Geeta Seshu

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Reports   |   India

Dangerous Pursuit

Impunity and lack of solidarity expose India’s journalists to attack

By Sumit Galhotra

Corruption scandals make for attention-grabbing headlines, but when journalists who expose wrongdoing are killed, their murder is often the end of the story. For eight years India has been a fixture on the Committee to Protect Journalists’ annual Impunity Index, which spotlights countries where journalists are slain and their killers go free. Perpetrators are seldom arrested and CPJ has not recorded a single conviction upheld in any of the cases of journalists murdered in India in direct relation to their work.

Attacks on the Press   |   India

Indian businesses exert financial muscle to control press

A man reads a newspaper in front of closed shops along the roadside in Delhi, India, on October 10, 2014. (Reuters/Ahmad Masood)

In the late summer of 2014, Indian freelance journalist Keya Acharya found herself embroiled in her own version of the War of the Roses. That August, Acharya was forced to respond to a nine-page legal notice demanding that she pay a staggering 1 billion rupees ($16.3 million) to a company whose owner was upset about her article on India's lucrative rose industry.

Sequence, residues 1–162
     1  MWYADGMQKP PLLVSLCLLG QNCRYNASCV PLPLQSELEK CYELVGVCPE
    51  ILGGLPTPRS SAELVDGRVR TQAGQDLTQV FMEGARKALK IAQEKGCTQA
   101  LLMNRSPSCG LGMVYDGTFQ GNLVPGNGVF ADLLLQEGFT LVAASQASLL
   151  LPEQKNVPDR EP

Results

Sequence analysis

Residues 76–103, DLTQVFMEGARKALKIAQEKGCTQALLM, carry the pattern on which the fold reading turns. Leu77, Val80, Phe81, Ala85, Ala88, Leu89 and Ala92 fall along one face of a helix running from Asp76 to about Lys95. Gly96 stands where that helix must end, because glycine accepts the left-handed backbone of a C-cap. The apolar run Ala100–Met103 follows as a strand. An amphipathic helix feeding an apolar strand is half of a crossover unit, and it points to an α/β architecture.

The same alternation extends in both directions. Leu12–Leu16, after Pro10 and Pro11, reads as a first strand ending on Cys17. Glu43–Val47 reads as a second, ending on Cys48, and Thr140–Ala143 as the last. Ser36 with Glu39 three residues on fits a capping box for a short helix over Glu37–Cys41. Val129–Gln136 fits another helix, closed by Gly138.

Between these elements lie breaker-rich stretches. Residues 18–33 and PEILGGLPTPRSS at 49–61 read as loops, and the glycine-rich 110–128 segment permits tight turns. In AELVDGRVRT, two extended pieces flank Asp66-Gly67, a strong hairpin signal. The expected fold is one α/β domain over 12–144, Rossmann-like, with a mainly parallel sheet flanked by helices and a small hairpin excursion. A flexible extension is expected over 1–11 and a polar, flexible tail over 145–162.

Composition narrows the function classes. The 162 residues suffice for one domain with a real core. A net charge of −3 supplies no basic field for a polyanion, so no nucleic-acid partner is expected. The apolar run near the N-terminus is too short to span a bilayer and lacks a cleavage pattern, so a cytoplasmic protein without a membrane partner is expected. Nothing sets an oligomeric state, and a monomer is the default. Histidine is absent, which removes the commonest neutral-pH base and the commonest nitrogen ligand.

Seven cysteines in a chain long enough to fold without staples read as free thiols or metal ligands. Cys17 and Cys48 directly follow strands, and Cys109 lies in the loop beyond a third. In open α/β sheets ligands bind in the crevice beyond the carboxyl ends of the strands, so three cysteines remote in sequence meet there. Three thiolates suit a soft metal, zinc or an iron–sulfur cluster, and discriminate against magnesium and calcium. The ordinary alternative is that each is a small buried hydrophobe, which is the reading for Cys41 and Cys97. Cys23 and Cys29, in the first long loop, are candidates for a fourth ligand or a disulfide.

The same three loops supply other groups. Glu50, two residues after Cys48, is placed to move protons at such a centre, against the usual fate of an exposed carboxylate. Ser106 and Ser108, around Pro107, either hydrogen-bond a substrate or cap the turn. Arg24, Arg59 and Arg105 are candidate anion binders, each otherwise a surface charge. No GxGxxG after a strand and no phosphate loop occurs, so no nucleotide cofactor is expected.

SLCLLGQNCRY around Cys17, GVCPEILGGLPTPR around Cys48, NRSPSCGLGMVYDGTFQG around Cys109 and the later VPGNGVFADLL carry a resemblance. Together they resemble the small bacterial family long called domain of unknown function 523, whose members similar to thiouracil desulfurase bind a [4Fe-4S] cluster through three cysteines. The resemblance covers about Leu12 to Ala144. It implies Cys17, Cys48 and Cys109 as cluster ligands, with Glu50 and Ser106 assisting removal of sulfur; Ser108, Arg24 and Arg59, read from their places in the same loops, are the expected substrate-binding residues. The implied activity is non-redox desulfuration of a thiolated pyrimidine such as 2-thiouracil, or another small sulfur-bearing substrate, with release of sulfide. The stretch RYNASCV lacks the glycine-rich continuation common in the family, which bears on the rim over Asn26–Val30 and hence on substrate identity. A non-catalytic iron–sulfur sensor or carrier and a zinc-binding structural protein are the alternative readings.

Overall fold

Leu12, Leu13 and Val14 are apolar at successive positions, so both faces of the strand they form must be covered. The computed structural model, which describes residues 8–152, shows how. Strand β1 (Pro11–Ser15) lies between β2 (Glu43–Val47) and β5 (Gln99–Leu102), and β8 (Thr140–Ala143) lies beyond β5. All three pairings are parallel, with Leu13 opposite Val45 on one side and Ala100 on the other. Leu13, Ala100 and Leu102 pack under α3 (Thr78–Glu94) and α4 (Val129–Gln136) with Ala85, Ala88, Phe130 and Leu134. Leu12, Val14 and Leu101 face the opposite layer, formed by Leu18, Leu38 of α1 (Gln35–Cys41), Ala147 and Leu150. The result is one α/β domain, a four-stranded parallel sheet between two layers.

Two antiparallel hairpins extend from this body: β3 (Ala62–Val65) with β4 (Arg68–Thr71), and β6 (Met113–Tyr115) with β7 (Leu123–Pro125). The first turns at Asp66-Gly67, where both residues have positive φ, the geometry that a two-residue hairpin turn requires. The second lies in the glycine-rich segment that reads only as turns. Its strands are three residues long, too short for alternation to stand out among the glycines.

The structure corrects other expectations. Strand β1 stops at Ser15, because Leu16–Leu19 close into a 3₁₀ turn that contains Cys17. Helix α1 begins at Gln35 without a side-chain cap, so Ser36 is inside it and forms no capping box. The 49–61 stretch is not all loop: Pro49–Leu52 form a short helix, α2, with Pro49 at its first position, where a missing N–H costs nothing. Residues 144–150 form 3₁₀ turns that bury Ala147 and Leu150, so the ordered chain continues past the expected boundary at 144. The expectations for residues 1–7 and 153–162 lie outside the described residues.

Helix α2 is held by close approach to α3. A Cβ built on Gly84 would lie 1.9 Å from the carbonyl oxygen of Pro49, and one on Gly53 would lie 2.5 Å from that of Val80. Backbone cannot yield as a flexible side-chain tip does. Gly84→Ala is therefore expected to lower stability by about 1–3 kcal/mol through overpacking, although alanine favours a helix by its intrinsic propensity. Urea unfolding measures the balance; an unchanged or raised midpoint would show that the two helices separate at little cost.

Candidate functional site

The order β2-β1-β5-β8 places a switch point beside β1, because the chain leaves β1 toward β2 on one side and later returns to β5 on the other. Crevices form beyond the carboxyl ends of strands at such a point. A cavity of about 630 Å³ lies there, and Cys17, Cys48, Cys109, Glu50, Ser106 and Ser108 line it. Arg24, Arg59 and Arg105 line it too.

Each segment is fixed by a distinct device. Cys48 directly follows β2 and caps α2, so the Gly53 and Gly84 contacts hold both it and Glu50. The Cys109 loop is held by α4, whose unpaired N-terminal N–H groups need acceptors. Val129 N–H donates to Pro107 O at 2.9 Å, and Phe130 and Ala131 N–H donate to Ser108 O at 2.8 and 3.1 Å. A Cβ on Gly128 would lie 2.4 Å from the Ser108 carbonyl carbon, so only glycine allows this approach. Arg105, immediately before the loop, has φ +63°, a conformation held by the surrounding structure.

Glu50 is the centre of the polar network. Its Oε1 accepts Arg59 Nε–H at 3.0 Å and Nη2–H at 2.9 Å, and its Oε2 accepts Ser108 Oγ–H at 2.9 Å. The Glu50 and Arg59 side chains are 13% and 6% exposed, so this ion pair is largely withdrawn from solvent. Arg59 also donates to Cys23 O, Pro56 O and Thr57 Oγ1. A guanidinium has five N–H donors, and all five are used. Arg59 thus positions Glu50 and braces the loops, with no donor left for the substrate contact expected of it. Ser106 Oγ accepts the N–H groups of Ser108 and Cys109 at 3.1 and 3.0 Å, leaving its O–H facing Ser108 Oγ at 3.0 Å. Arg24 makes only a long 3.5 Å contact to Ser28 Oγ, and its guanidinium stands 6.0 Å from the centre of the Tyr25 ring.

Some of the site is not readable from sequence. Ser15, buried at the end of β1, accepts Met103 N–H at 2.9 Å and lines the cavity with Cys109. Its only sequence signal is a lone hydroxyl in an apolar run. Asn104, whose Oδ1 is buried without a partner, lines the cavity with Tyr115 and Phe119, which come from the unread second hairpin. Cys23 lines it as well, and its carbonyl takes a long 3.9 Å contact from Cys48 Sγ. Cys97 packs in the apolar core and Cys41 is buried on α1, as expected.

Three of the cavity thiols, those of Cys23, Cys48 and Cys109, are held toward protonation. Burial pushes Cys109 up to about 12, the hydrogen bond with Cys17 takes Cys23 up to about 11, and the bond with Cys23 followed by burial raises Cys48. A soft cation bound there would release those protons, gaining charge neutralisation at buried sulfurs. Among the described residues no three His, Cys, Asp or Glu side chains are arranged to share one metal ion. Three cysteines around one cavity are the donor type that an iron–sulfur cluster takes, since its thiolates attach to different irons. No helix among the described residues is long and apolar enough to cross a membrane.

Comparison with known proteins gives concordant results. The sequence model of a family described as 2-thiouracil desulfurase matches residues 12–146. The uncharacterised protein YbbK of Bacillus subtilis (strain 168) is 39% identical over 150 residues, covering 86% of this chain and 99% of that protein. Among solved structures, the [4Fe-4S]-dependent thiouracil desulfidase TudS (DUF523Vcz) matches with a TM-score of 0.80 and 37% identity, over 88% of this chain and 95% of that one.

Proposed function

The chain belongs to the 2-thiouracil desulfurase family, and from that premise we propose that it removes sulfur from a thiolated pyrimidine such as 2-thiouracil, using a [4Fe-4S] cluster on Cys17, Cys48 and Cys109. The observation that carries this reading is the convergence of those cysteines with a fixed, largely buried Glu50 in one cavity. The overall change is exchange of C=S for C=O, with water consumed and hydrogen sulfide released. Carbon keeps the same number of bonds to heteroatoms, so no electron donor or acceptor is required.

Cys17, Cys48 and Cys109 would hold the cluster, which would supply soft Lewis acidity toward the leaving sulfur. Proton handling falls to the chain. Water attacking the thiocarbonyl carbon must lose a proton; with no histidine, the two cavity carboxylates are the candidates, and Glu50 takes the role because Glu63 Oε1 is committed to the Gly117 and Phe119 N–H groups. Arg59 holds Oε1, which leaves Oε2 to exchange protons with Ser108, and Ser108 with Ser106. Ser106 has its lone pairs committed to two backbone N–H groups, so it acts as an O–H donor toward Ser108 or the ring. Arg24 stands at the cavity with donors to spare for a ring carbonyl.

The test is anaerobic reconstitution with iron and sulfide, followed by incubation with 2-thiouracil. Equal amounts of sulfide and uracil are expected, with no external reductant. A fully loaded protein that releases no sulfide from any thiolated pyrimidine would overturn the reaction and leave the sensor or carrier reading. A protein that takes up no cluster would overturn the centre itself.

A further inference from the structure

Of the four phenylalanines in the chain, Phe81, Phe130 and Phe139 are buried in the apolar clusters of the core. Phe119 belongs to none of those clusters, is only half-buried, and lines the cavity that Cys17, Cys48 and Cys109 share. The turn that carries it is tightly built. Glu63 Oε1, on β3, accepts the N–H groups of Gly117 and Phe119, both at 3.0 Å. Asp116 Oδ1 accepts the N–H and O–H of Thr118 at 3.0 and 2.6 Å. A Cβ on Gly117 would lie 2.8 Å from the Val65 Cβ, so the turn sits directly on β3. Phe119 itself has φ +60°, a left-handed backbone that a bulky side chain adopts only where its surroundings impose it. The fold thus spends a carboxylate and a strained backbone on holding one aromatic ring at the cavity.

Reports   |   Afghanistan, Colombia, India, Iraq, Mexico, Pakistan, Philippines, Russia, Somalia, Sri Lanka

The Road to Justice

3. Where Impunity Thrives

A climate of impunity reached a tragic culmination on November 23, 2009, when gunmen ambushed a caravan escorting political candidate Esmael “Toto” Mangudadatu as he prepared to file papers to become a candidate for provincial governor in the Philippines. The attackers slaughtered 58 people, among them 30 journalists and two media workers, the largest toll of journalists murdered in a single act since CPJ began keeping track in 1992.

Blog   |   India

Indian media face growing calls for regulation

The rapid growth of revenue-hungry Indian media and recent scandals involving news outlets have prompted growing calls for external regulation, raising concerns about independence of the press.

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